Tate Britain banks on David Hockney retrospective to pull in the crowds

More than 150 works will be on display, from those executed early in his career to some whose paint is still wet

David Hockney, Christopher Isherwood and Don Bachardy (1968) © David Hockney

An extensive David Hockney retrospective opens this week at Tate Britain to celebrate the career of the British artist, who turns 80 in the summer. “It is pretty much the largest show we have done at Tate Britain,” Chris Stephens, the exhibition’s co-curator, says. “We’re showing paintings and drawings, photographic works, videos, iPhone and iPad drawings.”

There will be more than 150 works, from a self-portrait of 1954 to ones that are only just being completed. “We were warned that one of the paintings might still be tacky,” Stephens says. “What we want to draw out is that from the very beginning, Hockney has been concerned with the question of picture-making: what it is to represent the world of time and space in two dimensions.”

“One of the things we’re proud of is that we have got almost every classic Hockney,” the curator says. “The revelation is to see them all laid out in relation to each other.”

Among the works, many of which come from private collections, will be a rare outing for a large double portrait of the writer Christopher Isherwood and the artist Don Bachardy (1968). “The painting hasn’t been seen for at least 30 years because it was in an apartment on the ninth floor, so we had to crane it out through a window,” Stephens says.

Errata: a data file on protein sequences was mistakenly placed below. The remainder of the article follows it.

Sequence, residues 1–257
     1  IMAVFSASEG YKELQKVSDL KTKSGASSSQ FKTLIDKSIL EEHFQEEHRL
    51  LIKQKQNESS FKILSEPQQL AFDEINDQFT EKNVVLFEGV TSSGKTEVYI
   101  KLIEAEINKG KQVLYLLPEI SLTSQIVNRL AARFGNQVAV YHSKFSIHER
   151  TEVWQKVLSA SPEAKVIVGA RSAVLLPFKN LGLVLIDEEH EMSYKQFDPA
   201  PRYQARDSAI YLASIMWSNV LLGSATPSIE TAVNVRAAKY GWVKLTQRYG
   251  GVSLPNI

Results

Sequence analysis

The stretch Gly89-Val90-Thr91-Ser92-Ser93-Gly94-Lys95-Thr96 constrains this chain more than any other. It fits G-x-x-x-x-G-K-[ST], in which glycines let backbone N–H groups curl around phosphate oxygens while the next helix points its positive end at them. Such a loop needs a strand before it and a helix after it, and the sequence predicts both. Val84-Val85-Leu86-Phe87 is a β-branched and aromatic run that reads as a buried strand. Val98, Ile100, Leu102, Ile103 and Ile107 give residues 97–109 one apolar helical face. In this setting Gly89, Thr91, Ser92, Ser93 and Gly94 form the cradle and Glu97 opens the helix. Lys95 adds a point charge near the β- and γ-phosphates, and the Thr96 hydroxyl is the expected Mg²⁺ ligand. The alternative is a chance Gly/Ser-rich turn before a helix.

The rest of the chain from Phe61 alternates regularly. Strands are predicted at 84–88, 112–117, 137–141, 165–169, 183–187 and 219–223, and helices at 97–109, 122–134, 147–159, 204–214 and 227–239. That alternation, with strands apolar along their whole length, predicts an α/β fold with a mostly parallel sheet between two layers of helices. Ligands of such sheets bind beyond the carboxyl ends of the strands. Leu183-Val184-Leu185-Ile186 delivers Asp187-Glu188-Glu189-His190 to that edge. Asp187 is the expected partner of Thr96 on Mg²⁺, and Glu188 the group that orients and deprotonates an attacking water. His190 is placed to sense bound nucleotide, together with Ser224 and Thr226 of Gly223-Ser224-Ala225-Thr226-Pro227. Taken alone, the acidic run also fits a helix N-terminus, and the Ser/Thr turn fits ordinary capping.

Visitor numbers at Tate Britain have fallen over the past five years, and organisers will doubtless be hoping to reverse this trend. The Hockney blockbuster A Bigger Picture, which took place at the Royal Academy of Arts in 2012, remains London’s most popular ticketed exhibition of the past decade.

“The Royal Academy seems to get audiences that we couldn’t physically fit into our building,” Stephens says. But he adds: “We’re expecting the show to be very popular. We hope to reach a huge audience, but we want to assert that Hockney is not just one of the most popular painters, he is also one of the great painters, with his constant reinvention and questioning.” The show is due to travel to Centre Pompidou in Paris in June and to the Metropolitan Museum of Art in New York in November.

• David Hockney, Tate Britain, London, 9 February-29 May

Appeared in The Art Newspaper Archive, February 2017